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"Tips for the Artist Who Paints in the Field and Abroad"
by Jeanne Elizer

Painting outdoors can be a very rewarding as well as a frustrating experience.  The light changes, the bugs bite, the wind blows, it is too hot or too cold.  But the wonderful sensory stimulation that accompanies plein air painting can't help but give your paintings that extra "stuff" that even the observer will feel when viewing your work.   And you will learn a lot!

First, you will learn that photos lie! The world out there is three-dimensional ... not two.  Shadows are not black ... but full of color and reflected light.  You will become much more observant of the world around you, and your paintings will be your own compositions and observations, not someone else's.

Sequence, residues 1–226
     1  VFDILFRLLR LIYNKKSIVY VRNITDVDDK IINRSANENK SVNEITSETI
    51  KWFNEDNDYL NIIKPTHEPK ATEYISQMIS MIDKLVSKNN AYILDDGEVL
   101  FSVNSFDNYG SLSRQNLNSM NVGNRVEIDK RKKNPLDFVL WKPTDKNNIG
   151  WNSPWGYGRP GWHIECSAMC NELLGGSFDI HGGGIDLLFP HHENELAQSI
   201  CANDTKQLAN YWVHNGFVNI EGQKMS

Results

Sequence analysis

Second, you will learn to be prepared for the weather and your surroundings.  Comfort when painting is of the utmost importance.   Concentrating on your inner creativity is pretty difficult when your knees are knocking with cold and the mosquitoes are eating you alive.

Third, travel as light as possible!  If your equipment is heavy and cumbersome to carry, you may find that you are selecting your painting sites by how far you might have to carry your gear.  I used to carry the French Easel and another bag with all my equipment in it because the French easel was too heavy if I loaded it.  A luggage cart with wheels helped, but limited me to painting on city streets, but only if they were not cobblestone or dirt.

This changed when I decided to join a group of artist friends in France.  Our small rental car with four occupants was definitely going to be off limits for the French easel, that is if we wanted to take a change of clothes also.  Other gear that I researched was very expensive and limited the size of the work that I could paint.